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Third Straight Day Temps Hover Near 100 Degrees

Residents are strongly advised to continue taking precautions to avoid heat-related illnesses, especially for the elderly, infants and young children, and those with physical or mental health issues.

Are you ready to say "when" with this hot and steamy weather already? 

The extreme heat over the last few days has not only been unbearable as we zip in and out of air-conditioning, but could cause health-related illnesses if precautions aren’t taken.

An excessive heat warning remains in effect until 10 p.m. tonight, The Weather Channel reports, and the forecast for today in Chicago’s north suburbs calls for a high of 98 degrees.

Thursday temperatures topped out at 100, while on July 4 the high temperature was recorded at 103 degrees, according to the Chicago Weather Center

The extreme and humid temperatures can wear on us because of the gradual toll they take on tolerance and the natural ability for the body to cool itself off, according to Weather.com. 

Severe Sunburn

Going to the beach or the pool can help you cool down, but if you get a severe sunburn, it can actually increase your chances for a heat-related illness.  According to Weather.com, serious sunburns cause oils to build up on the skin which block pores, and prevent the body from cooling itself off.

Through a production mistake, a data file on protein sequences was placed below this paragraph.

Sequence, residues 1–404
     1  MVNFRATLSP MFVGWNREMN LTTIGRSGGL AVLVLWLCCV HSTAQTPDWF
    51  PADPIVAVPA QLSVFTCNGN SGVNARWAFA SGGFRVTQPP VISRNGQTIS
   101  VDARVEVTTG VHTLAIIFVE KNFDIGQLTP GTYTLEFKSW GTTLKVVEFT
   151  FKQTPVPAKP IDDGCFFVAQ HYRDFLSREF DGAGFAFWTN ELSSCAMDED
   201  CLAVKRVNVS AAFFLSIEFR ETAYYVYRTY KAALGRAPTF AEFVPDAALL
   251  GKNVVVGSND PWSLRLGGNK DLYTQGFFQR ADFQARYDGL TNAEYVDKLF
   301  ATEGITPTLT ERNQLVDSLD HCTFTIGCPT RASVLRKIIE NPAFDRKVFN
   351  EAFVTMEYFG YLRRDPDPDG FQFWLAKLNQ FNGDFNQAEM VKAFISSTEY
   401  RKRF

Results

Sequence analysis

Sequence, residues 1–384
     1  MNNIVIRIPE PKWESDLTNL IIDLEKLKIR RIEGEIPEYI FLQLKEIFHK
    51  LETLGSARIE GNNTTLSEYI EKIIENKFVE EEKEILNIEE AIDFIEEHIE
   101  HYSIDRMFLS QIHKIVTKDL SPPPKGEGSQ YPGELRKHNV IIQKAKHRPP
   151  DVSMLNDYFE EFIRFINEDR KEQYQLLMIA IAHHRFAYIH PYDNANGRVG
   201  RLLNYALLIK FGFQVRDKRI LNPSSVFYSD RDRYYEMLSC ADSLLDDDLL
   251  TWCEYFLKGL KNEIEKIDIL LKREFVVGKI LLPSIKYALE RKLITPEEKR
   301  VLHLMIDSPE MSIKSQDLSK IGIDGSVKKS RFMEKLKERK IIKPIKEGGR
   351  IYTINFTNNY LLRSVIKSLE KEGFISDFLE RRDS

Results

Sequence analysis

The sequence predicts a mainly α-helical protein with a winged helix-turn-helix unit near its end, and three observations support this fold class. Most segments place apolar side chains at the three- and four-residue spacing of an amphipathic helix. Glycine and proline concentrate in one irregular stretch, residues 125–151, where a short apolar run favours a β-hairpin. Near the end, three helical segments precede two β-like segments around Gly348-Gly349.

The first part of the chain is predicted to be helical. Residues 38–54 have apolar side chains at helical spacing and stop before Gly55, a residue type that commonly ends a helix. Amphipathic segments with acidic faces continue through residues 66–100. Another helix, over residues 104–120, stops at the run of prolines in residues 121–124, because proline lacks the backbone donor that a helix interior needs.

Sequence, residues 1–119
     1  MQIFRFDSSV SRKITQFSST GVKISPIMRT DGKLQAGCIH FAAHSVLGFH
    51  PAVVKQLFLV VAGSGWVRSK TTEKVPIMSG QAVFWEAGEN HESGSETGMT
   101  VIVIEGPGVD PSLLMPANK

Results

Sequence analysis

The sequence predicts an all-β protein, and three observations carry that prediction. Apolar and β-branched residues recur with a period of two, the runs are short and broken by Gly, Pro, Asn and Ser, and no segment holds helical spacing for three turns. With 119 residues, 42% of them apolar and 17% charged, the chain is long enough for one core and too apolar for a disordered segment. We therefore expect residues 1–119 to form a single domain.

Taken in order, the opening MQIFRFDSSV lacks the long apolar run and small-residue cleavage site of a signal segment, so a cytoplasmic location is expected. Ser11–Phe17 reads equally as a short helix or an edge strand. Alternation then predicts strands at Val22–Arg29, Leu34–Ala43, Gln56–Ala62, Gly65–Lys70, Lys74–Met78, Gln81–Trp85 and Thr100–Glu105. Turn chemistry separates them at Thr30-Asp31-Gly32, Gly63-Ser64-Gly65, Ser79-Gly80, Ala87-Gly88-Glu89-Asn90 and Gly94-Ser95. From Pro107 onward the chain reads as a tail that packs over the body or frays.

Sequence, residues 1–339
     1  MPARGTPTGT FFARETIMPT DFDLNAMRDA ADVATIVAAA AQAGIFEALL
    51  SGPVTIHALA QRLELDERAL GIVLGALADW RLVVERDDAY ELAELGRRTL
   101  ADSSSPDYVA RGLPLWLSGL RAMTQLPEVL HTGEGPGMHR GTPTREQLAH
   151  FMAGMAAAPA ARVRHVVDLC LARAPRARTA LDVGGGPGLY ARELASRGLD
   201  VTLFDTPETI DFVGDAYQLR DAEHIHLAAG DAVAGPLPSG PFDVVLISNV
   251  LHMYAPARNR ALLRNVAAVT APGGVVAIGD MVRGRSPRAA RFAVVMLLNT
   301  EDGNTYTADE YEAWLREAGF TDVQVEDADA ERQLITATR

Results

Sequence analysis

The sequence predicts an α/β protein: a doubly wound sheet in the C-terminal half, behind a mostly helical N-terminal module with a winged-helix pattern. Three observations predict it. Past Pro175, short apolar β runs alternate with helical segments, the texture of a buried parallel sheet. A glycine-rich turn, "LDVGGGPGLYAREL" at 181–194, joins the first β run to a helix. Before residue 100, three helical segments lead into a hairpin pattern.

If you get a serious sunburn, take a shower with soap to remove those oils, use dry dressings if you have blisters, and seek medical attention immediately.

Heat Stroke

If you are forced to stay in the heat for extended periods of time, you are at risk for heat stroke. The symptoms include skin that is abnormally hot to the touch, a dry, red face and severe headaches, according to the Illinois Department of Public Health (IDPH).  More serious symptoms include loss of consciousness, and irregular heartbeat and seizures. 

IDPH recommends calling 911 immediately if you identify these symptoms in an individual, and then wrap the person in wet sheets, or bring their body temperature down gradually in a cool, not cold, bath. 

Heat Exhaustion

Vulnerable populations, as with all heat-related illnesses, include infants and young children, the elderly, and those suffering from physical or mental impairments.  Tell-tale signs someone is suffering from heat exhaustion are muscle tremors and cramping, nausea, dizziness and cool, clammy skin, according to IDPH.

Individuals who are experiencing heat exhaustion should be given cool, not cold, water to drink, and cooled down with a wet cloth. Tight clothing should also be removed.

General Tips Everyone Can Use Amid the Extreme Heat:

  • Drink six to eight glasses of cool, clear fluids throughout the day; avoid alcohol and caffeinated beverages
  • Reduce higher than normal body temperatures by taking cool showers or sponge baths
  • Wear light colored and loose fitting clothing
  • Use sunscreen with SPF 15 or higher
  • Do not leave people or animals in closed, parked vehicles

If you need to be outside for any reason, activity should be severely limited and saved for the early morning hours or late evening hours when temperatures are cooler, IDPH suggests.  Take frequent breaks in the shade to help bring your body temperature back down before venturing back out into the sun.

For more information, visit the Illinois Department of Public Health website

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